Entering the Rickshaw Theatre for Turnstile’s Vancouver stop on their Glow On Tour was like walking into a punk-inhabited sauna. Whitney Houston’s “I Wanna Dance With Somebody” blared over the speaker system as the sold out crowd sang and danced in unison, heat excavating off of hundreds of bodies as they waited in anticipation for Turnstile, the blossoming hardcore quintet to take the stage.
Once the Baltimore punks hit their first note, the dance floor split into an almost Cheshire Cat-like grin of a mosh pit. Opening the set with material from their celebrated 2021 album Glow On, Turnstile influenced a mishmash of dance styles from end to end of the venue. From hardcore moshing to club-like dancing to romantic bump and grinding, there was a sense of complete freedom to be whoever you are in that moment on the dance floor, judgement free. Regardless of whether or not the band was playing an old school smasher or a modern-era chiller, the audience didn’t cease to embrace movements of various sorts throughout the entirety of Turnstile’s set.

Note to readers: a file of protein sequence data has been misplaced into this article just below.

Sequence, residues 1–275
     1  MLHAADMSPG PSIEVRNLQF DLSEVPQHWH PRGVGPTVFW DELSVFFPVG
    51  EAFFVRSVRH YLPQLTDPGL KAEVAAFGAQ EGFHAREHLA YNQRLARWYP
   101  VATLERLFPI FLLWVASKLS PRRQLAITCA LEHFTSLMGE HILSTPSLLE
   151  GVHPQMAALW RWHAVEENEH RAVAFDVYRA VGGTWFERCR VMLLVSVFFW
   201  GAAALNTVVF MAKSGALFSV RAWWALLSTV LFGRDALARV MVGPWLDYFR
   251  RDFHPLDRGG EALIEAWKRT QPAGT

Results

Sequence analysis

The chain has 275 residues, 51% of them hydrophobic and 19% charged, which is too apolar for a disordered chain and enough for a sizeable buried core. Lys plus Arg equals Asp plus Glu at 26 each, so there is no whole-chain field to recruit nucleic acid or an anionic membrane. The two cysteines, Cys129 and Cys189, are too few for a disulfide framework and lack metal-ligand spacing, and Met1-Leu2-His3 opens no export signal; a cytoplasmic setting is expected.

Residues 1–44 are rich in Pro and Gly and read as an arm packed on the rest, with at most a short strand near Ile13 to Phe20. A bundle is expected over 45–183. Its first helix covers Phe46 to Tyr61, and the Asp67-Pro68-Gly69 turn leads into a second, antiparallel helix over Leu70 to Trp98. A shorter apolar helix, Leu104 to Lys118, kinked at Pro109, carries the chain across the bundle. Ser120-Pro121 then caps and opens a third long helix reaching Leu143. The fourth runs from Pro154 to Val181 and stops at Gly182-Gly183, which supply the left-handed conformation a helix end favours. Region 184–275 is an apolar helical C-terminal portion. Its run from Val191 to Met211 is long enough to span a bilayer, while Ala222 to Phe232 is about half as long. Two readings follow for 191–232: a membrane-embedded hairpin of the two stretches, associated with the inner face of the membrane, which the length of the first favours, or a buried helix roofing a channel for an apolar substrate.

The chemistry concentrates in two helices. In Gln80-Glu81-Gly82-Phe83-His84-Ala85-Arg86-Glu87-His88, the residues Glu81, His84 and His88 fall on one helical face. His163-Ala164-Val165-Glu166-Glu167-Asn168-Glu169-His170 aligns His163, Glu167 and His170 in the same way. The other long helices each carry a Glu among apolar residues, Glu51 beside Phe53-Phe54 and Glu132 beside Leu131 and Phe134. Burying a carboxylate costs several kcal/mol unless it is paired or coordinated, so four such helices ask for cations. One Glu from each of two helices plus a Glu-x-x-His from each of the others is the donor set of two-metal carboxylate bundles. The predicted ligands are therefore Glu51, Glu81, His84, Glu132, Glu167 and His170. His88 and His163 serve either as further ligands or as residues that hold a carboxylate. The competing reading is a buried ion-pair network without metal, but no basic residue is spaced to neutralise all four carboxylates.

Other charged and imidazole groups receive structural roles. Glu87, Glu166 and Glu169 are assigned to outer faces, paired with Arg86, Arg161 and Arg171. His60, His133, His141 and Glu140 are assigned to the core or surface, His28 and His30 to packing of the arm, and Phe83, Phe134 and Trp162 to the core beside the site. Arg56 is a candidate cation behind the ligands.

Purples, pinks and blues washed over the band throughout the entirety of their set – subtlety counteracting the machismo reputation often associated with the hardcore genre. While “hardcore” has mostly been associated with violence and aggressive energies, Turnstile flips the stereotype on its head with their mix of old school hardcore bangers and their modern dream-like, almost romantic sound.
Once the band completed their final song for the night, “T.L.C. (Turnstile Love Connection)”, the audience appropriately began clapping and singing the lyrics “I want to thank you for letting me be myself” a cappella as the band began tearing down their set. A sign of audience appreciation for the wild night that the band had just gifted to everyone in attendance.